Harrison Bergeron and the female protagonist from The Lamp at Noon are both victims of their environment. Both try to confront the problems in their lives, and both lose.
With Harrison, the problem is societal. He is handicapped by his society, and he cannot live his life fully because he is forced to be something he is not--normal. He tries to change society by changing how view him and others who are not normal, but he is destroyed in the process.
With Ellen, the protagonist in "The Lamp at Noon," the problem is both environmental and societal. Like Harrison Bergeron, Ellen feels she is better than those in her immediate environment. She was a school teacher before she met her husband, and has had to take a step down to marry him (for Ellen, the marriage is the handicap, whereas for Bergeron, he wears his). She sees the problems her husband has with his land as a result of his ignorance, and the ignorance of farmers in general. Yet, she, too is destroyed by her environment.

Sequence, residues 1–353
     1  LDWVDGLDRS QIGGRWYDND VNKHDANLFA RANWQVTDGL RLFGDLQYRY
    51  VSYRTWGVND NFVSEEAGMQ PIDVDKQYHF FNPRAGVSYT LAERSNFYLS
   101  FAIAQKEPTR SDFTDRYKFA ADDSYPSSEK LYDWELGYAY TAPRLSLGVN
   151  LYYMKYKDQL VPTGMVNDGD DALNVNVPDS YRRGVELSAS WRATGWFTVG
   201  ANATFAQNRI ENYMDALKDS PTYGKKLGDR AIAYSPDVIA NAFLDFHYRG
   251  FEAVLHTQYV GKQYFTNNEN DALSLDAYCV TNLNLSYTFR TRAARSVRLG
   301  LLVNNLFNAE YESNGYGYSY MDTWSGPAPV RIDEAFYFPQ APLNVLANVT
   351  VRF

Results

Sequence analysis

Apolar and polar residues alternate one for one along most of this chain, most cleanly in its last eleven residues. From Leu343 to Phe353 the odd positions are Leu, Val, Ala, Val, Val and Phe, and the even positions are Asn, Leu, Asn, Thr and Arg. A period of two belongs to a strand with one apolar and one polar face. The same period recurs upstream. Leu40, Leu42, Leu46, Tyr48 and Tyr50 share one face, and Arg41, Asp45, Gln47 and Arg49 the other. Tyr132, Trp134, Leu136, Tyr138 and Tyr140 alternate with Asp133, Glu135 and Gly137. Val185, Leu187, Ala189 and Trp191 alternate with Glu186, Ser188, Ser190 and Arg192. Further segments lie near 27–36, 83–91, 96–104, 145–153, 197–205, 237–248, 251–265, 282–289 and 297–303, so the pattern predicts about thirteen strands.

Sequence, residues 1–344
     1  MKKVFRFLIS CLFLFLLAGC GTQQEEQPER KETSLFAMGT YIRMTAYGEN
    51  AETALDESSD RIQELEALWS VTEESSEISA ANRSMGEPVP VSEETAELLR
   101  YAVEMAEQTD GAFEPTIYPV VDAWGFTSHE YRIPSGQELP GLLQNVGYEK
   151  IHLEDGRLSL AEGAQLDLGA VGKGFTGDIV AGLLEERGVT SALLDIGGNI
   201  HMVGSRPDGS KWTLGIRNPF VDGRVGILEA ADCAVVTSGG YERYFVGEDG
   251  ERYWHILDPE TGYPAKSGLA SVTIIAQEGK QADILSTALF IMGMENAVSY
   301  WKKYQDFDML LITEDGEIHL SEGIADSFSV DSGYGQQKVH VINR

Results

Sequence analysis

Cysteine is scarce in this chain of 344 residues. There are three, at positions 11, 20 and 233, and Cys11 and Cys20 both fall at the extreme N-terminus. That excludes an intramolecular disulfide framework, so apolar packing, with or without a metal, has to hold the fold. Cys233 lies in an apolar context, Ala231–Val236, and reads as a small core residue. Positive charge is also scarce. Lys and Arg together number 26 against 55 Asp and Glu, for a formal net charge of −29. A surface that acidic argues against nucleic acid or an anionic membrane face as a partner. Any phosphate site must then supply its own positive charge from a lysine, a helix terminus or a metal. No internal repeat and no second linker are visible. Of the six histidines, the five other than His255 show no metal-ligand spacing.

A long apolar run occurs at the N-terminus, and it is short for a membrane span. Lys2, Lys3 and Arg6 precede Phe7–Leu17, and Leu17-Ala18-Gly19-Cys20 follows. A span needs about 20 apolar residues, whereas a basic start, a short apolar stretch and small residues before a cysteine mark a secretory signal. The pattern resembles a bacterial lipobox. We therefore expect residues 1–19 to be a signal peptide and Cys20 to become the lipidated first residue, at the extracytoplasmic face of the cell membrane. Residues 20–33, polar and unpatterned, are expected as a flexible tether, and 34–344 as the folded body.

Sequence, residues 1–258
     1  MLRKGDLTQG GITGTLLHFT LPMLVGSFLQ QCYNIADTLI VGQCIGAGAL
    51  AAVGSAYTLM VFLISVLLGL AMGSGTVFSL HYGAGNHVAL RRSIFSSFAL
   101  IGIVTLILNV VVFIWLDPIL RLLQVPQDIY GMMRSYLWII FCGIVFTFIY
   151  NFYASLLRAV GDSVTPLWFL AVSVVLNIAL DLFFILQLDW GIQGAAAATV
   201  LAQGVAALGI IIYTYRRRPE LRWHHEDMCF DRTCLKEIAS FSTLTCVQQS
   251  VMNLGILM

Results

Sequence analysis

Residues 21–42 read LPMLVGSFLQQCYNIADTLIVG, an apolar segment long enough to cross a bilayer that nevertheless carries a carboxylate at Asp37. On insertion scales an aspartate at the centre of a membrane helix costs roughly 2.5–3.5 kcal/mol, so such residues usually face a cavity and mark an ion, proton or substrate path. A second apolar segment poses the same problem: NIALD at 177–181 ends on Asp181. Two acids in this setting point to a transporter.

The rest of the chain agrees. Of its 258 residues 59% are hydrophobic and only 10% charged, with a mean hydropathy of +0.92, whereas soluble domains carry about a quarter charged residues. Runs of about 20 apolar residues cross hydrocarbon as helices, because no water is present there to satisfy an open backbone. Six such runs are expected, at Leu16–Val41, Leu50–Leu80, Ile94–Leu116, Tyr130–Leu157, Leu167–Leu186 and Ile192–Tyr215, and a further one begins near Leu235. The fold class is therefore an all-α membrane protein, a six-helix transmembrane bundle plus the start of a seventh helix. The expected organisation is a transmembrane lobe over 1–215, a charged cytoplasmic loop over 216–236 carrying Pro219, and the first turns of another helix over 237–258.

Both Ellen and Harrison Bergeron are driven crazy by the constraints enforced upon them. Harrison Bergeron is driven crazy by trying to appear normal; Ellen is driven crazy by the dust storm. Both of them end up taking risks that bring about their downfall. Harrison is destroyed physically, while Ellen is destroyed mentally when she accidentally kills her child.